Many writers will be as specific as possible about what “thing” is affected by the event they’re describing, when it’s much simpler to take a step back and write about something more general.
Example: “The level of water rose.”
Revised: “The water rose.”
4. Phrasal verbs
Phrasal verbs are the combination of two or three words from different grammatical categories—a verb and an adverb or a preposition—to form a single action. Usually, these phrasal verbs can be replaced by a single-word verb.
“Ask for” can be replaced with “request”
“Bring down” can be replaced with “reduce”
“Come across” can be replaced with “find”
5. Clarifying phrases
Same reason as clarifying words. Get to the point!
In a sense
6. Remember your contractions!
Even if your story takes place in olden times, I can guarantee that if you never use any contractions ever, your story’s gonna be a clunky mess. But sometimes you’re in the moment, consumed by the poetic power of the muses, and forget that this isn’t a soap opera; so make sure you check that you’ve been using your contractions!
It is, it was, it would, she is, would not, should not, is not, does not etc.
7. Inflated phrases
These phrases can be replaced with more concise words.
Along the lines of (shorten to: like)
As a matter of fact (in fact)
As to whether (whether)
At all times (always)
At the present (now or currently)
At this point in time (now or currently)
Be able to/would(n’t) be able to (could or couldn’t)
Because of the fact that (because)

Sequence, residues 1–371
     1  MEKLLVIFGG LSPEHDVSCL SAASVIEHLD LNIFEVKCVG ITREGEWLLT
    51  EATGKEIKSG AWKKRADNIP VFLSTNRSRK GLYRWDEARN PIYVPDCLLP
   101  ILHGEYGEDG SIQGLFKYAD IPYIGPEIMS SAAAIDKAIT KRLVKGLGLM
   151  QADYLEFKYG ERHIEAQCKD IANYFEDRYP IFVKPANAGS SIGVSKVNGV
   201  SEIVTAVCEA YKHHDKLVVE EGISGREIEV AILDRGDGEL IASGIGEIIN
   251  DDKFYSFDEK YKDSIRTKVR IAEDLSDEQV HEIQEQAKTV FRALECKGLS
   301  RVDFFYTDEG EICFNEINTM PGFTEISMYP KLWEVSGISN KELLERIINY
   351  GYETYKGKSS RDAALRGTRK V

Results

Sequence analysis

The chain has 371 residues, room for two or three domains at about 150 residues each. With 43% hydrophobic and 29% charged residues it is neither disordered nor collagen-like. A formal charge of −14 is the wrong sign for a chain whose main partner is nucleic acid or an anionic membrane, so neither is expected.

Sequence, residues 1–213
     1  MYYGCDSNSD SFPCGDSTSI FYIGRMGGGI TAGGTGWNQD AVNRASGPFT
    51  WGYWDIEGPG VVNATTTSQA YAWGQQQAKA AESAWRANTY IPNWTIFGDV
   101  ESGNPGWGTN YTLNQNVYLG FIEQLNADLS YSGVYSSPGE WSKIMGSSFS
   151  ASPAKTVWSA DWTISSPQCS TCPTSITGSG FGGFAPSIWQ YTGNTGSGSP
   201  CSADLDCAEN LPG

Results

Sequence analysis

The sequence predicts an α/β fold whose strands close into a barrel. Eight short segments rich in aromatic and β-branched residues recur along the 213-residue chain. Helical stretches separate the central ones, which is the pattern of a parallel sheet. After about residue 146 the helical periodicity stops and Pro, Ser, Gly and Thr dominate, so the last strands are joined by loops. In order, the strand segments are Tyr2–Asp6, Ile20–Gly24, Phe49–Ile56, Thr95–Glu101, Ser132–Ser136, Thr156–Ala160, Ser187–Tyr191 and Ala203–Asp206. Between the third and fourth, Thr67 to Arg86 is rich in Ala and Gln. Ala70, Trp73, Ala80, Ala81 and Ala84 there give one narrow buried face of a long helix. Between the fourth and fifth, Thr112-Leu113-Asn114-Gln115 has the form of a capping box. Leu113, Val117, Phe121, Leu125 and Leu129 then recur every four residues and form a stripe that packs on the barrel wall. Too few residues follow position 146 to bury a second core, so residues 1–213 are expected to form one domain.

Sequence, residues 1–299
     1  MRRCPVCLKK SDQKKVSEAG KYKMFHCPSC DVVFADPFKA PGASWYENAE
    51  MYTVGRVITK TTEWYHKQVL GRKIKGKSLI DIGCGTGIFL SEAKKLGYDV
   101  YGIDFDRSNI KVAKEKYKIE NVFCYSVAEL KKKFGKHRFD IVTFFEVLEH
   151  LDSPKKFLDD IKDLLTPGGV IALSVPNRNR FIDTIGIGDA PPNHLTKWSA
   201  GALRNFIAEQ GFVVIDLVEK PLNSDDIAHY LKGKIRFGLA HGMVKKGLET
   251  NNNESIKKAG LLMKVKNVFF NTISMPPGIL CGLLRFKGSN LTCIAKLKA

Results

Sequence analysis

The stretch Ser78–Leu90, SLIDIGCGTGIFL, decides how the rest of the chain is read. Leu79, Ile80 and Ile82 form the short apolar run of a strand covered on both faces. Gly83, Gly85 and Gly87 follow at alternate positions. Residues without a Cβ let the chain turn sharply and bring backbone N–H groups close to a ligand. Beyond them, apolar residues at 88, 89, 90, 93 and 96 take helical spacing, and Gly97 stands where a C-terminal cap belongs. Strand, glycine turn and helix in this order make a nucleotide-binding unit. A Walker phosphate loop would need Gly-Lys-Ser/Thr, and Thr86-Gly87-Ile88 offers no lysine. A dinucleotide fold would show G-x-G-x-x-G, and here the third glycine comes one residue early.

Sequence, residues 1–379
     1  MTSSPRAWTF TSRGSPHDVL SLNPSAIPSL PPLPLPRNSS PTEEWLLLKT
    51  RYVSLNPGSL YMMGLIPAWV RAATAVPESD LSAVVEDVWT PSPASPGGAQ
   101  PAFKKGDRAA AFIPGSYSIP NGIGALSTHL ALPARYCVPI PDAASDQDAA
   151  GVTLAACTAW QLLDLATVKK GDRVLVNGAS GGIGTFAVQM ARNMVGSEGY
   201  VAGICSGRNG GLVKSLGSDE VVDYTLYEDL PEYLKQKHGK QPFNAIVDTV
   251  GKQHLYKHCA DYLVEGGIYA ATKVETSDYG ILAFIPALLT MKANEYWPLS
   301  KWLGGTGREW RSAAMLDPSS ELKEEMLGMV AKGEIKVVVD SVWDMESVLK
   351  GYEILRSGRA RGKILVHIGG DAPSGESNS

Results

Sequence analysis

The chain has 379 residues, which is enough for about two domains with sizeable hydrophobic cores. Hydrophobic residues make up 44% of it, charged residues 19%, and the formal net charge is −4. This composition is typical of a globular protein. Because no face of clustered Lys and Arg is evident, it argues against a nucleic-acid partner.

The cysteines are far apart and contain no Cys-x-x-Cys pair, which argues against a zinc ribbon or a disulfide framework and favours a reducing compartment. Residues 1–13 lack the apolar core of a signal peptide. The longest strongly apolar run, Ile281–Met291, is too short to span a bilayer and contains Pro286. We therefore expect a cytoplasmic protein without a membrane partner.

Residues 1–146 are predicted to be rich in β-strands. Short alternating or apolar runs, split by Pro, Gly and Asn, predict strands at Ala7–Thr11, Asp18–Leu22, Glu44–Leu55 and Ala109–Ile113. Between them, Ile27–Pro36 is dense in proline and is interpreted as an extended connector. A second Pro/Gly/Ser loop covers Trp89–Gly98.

By means of (by)
Due to the fact that (because)
Even though (though or although)
For the purpose of (for)
For the reason that (because)
Have the ability to (could)
In light of the fact that (because)
In order to (to)
In regards to (on or about)
In spite of the fact that (though or although)
In the event that (if)
In the nature of (like)
In the neighborhood of (about)
On the occasion of (when)
On one/two separate occasions (Once/twice)
The/A majority of (most)
There is no doubt that (No doubt)
Wasn(n’t) capable of (could or couldn’t)
Hope this helped, and happy writing!
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Side Characters of TTK ~ Geoffrey
Geoffrey is built like a bull, strong and rippled with muscle but the gods made him gentle and kind as well as gifting him with the strength of a giant. "I don't think it fair, to be honest. Why can't they fight too? They've just as much right as we do to defend our home."
Taglist: @anomaly00 @lil-mephistopheles @trapped-inadystopianovel @viola-cola @lady-literate @authoressasusual @mysthicrider @reignnyx @thebestmollygrue @you-reblogged-from @heldinhishands @thewordsinthesky-andstars @write-for-your-life2
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Writing advice #?: Have your characters wash the dishes while they talk.